How to Stop Confusing Your Child: 10 Tips for Parents of Kids on the Autism Spectrum

Every child has a "blind spot" in learning and understanding things. Many kids don't "get" algebra, for example. This is a challenge that the child can usually overcome at some point (e.g., with the help of a tutor). However, in children with Aspergers and High-Functioning Autism (HFA), the "blind spot" happens to be reading social cues – and it is permanent (called mind-blindness). This blind spot is right there in their face, every day (e.g., dealing with parents, teachers, peers, etc.).

There are certain effects that make language vivid and engaging, fun to use, and interesting to listen to (e.g., figures of speech, sarcasm, body language, tone of voice, etc.). But these effects can stand like sturdy roadblocks between the messages we try to give our kids and their ability to receive them.

Aspergers and HFA kids with language processing problems, developmental delays, and other special needs can have genuine difficulty understanding the nuances and subtexts of language. If your youngster reacts to something you've said in a way that surprises you (e.g., ignoring, overreacting, defying, misunderstanding, panicking, giving you that "deer in the headlights" look, etc.), then consider the following:

1. If your message is anything other than simple and straightforward, pare it down and try again. You may be surprised at how much more cooperative your youngster is when he actually knows what you want.

2. Just as you wouldn't talk to a 3-year-old the same way you'd talk to a 13-year-old and expect the same degree of comprehension, you can't talk to an Aspergers or HFA youngster with delayed language, social or emotional skills in a way that would be appropriate for his chronological age.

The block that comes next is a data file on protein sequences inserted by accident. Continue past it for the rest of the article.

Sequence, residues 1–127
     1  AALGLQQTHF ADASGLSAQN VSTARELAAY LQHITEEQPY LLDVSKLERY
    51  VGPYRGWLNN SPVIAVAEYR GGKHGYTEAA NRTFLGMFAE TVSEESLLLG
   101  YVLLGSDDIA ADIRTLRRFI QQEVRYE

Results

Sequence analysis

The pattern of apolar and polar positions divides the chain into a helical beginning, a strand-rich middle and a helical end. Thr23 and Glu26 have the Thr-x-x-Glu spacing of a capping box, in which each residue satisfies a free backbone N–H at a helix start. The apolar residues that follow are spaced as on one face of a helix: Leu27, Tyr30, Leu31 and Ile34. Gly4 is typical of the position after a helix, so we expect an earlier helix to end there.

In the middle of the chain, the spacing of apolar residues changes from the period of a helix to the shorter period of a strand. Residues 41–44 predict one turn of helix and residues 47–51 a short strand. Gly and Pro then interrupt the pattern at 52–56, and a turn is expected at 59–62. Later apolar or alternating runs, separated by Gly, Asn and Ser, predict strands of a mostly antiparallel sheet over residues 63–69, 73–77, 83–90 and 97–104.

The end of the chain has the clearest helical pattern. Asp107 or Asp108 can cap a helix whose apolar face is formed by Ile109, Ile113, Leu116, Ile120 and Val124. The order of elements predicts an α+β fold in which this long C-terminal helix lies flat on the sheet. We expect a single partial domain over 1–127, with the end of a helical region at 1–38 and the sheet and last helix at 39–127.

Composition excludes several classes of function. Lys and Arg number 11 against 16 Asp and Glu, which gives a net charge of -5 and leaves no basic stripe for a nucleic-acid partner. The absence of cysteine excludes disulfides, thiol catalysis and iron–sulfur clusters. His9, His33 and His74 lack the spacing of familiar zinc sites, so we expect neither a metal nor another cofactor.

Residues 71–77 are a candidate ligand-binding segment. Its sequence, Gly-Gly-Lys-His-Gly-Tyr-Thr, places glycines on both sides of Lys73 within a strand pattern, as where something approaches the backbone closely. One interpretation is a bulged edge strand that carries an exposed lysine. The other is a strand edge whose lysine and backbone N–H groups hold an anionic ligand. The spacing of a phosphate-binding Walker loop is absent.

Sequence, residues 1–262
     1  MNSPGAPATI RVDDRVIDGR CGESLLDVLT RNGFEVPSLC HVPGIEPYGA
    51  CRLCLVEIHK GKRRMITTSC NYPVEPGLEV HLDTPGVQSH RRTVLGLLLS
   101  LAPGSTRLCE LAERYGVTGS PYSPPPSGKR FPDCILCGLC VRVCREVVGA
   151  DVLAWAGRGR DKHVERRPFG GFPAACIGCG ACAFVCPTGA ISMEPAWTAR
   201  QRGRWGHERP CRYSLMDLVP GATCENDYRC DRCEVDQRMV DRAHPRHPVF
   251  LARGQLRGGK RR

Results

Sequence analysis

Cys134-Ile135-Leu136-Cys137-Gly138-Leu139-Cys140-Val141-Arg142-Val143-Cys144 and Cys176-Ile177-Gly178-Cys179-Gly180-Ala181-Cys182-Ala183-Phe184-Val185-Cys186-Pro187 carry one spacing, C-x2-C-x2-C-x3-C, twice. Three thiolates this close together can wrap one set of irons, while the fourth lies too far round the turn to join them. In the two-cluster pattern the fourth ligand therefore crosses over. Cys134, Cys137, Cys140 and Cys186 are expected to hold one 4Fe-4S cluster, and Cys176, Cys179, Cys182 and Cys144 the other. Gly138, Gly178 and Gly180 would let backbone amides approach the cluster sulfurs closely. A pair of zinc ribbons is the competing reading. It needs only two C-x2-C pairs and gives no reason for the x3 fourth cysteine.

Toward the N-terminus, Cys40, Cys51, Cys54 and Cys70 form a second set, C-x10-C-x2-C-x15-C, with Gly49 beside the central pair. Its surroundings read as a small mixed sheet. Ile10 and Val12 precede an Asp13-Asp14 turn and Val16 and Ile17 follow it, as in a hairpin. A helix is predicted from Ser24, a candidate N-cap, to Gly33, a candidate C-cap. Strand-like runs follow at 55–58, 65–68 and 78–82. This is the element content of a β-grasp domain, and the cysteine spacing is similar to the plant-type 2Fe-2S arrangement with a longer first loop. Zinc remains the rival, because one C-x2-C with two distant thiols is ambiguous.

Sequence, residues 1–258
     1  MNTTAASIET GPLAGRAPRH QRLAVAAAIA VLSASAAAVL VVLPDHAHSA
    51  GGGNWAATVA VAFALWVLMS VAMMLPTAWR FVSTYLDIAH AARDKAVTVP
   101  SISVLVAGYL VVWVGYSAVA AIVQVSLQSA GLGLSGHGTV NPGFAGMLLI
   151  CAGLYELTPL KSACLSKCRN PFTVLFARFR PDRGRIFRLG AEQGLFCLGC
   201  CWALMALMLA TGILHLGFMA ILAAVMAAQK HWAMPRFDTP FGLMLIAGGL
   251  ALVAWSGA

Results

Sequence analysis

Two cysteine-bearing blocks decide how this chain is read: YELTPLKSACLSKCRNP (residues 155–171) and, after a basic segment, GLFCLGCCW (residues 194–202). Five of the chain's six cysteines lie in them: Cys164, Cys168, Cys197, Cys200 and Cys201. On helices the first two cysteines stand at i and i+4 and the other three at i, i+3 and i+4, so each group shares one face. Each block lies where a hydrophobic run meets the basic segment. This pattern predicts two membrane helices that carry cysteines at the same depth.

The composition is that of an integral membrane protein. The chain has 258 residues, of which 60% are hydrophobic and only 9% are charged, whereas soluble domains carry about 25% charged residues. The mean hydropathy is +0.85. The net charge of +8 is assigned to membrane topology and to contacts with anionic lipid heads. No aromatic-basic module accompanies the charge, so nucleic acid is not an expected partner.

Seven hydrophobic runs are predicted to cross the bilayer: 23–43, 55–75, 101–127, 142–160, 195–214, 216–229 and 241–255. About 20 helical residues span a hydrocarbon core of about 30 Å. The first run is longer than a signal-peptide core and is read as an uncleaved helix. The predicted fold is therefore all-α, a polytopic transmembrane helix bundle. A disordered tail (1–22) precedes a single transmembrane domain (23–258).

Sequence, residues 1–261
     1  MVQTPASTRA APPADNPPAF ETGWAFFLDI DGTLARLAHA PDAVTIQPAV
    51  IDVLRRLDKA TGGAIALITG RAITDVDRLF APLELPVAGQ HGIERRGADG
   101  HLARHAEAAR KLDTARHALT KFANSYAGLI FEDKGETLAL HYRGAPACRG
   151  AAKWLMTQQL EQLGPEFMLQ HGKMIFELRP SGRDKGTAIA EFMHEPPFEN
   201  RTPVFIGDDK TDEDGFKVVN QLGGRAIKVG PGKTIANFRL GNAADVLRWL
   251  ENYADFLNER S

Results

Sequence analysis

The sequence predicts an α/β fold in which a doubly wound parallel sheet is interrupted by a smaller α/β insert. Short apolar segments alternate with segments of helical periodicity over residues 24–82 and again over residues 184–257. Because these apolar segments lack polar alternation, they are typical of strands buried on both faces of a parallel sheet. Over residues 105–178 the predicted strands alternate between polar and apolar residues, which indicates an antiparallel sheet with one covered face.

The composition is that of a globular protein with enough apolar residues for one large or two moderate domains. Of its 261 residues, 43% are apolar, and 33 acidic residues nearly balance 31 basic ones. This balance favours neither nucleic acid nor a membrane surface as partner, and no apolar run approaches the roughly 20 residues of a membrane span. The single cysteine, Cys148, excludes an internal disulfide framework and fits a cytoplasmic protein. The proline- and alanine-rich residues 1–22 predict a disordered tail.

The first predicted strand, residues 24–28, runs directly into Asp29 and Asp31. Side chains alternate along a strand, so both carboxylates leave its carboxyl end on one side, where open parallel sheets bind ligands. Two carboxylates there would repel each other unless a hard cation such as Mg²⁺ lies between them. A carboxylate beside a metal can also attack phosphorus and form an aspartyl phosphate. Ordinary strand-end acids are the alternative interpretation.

3. It's natural to try to add more and more explanation when you feel that your son or daughter doesn't understand what you're saying, but if language is the problem in the first place, adding more language probably isn't going to help.

4. Instead of trying to “tip” your Aspie to your meaning with tone of voice, body language and wordplay, use simple repetitive phrases that are easy to understand. If you want your youngster to do something, start by saying "I need you to ..." If you're talking about feelings, say "I feel ..."

5. Without an awareness of the way tone of voice and body language can change the meaning of words, your youngster may misinterpret your intention or your level of urgency.

6. You may be inflating your statements for humor or out of anger, but your youngster may think you really mean it. He may:
  • accuse you of overreacting
  • panic or overreact
  • not know what to make of what you've said
  • think you're being cruel

7. What seems friendly and harmless to you may seem threatening and confusing to a youngster on the autism spectrum who does not understand that you don't really mean it – or even why you would say a thing you don't mean.

8. If you use an expression your youngster is not familiar with, or if he doesn't understand that words can be used in ways that have nothing to do with their literal meaning, then your statement may seem silly, annoying or incomprehensible.

9. If your youngster is unable to pick up cues from your tone of voice, he may take what you say at face value (i.e., the exact opposite of your meaning).